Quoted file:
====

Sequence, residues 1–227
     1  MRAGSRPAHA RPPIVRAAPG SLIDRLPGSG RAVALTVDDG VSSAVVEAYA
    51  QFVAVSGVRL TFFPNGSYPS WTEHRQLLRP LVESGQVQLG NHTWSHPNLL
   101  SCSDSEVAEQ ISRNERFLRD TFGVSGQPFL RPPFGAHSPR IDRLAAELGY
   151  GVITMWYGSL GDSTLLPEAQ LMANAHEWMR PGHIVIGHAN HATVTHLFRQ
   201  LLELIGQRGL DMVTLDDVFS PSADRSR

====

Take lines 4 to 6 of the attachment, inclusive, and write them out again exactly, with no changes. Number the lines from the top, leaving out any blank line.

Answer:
   101  SCSDSEVAEQ ISRNERFLRD TFGVSGQPFL RPPFGAHSPR IDRLAAELGY
   151  GVITMWYGSL GDSTLLPEAQ LMANAHEWMR PGHIVIGHAN HATVTHLFRQ
   201  LLELIGQRGL DMVTLDDVFS PSADRSR